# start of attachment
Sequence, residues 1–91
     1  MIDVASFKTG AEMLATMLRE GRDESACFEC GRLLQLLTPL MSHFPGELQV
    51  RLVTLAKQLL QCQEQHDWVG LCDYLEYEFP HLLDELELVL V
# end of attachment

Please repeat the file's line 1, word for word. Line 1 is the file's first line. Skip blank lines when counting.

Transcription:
Sequence, residues 1–91